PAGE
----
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  • 1. Weather and Meteorology Presentation Presented by : Tesmond Hurd LMS Weather Station (La Grande Weather Service) http://lagrande.weatherchecker.us http://www.weatherchecker.us
  • 2. The Definition of Weather
    • Weather is the state of the atmosphere regarding wind, moisture, temperature, cloud coverage, pressure, and other meteorological conditions.
    • Meteorology is the scientific study of the Earth’s atmosphere, especially its patterns or climate and weather
  • 3. What’s the difference between weather and climate???
    • Weather is what is currently going on. When somebody says, “It is 32 degrees…” they are talking about weather .
    • Climate is weather, in a sense, but as an average. When somebody says, “The average temperature in July for the last 15 years is 80 degrees…” they are talking about the climate . Climate varies from place to place.
  • 4. What do I do…
    • I collect data
    • Analyze weather patterns
    • Maintain/Manage a website
    • Predict weather/specifically hazardous weather (e.g.: snow, thunderstorms, etc.)
  • 5. About the National Weather Service
    • Mostly meteorologists work for the NWS. The
    • NWS’ job is to analyze and monitor weather conditions and issue advisories, watches, and warnings when weather becomes hazardous. The motto for the NWS is: “For the protection of life and property.” There are several branches of the NWS. Storm Spotters are important to the NWS because they REPORT hazardous weather.
  • 6. NOAA Field Map
  • 7. About meteorologists
    • Starting Pay: $30,000; Top Pay: $146,000
    • EX: Dennis Hull-Warning Coordinator Meteorologist
    • 30 years as meteorologist/10 in PDT
    • His Pay: $100-105,000
    • Education: Bachelor’s degree in Meteorology
    • 3-year internship
    • Meteorology, math, and physics
  • 8. What meteorologists use to help predict the weather… 0.50 0.40 0.30 0.20 0.10 0.00
  • 9. Clouds
    • Clouds are formed when water evaporates in the sky and changes into the gas form, we them as clouds.
    • There are 32 types of clouds including tornadoes!
    Fractus Cirrus, Cumulus, Stratus, Cumulonimbus, Shelf ,Wave, & Wall cloud, Mammatus, and tornado Other Strato Alto Cumulus Nimbo Alto Stratus Cumulus Stratus Cirro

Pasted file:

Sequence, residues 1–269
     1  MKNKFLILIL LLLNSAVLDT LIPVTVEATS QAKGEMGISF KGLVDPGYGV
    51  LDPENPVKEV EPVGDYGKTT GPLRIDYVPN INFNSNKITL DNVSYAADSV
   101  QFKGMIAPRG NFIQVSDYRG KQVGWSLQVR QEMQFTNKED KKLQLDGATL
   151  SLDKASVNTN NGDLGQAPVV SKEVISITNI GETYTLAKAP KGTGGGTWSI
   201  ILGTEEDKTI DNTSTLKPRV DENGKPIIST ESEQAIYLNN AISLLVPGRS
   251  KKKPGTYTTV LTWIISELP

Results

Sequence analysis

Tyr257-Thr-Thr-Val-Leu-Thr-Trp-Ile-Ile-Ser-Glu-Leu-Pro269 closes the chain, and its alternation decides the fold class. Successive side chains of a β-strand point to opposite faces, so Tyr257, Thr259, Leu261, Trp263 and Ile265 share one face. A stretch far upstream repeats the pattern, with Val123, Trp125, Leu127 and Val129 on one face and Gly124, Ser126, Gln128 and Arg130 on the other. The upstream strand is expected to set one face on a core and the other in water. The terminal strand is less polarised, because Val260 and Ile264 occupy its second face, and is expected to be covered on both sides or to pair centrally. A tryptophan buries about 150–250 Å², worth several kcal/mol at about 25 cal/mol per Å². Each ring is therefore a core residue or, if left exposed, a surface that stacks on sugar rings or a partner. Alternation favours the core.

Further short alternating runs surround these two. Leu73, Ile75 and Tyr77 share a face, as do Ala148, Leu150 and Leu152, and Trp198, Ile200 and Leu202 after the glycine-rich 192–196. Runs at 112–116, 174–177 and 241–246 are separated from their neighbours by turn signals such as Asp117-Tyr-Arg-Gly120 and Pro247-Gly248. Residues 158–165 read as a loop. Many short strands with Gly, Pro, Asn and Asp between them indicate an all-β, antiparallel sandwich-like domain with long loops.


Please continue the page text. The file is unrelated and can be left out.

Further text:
• 10. Warm/Cold Fronts
    • Warm Fronts
    • A transition zone
    • between a mass of
    • warm air and the
    • colder air it is replacing.
    • Cold Fronts
    • A transition zone
    • between a mass of cold
    • air and the warm air it
    • is replacing.
  • 11. Stationary/Occluded Fronts
    • Stationary Fronts
    • A front between warm and
    • cold air masses that is
    • moving very slowly or not
    • at all.
    • Occluded Fronts
    • A composite front formed
    • when a cold air mass meets
    • and undercuts a warm air
    • mass, and forces the warm
    • air upwards and way from
    • contact with the earths
    • surface.
  • 12. High/Low Pressures
    • High Pressure
    • An area of pressure
    • that is higher than
    • surrounding, lower
    • pressures. High
    • pressures circle
    • clockwise.
    • Low Pressure
    • An area of pressure that
    • is lower than
    • surrounding, higher
    • pressures. Low pressures
    • circle counter-clockwise.
    H L
  • 13. Terminology…
    • Millibar -A unit of atmospheric pressure equal to 1/1000 bar; one unit that is used to measure air pressure.
    • Isobar -A line on a weather map connecting equal pressures.
    • Barometric Pressure -The pressure of the atmosphere, as indicated by a barometer.
    • Radar -A radio device used for locating an object by using ultrahigh-frequency radio waves reflected from the object and received, observed, and analyzed. In this case, precipitation.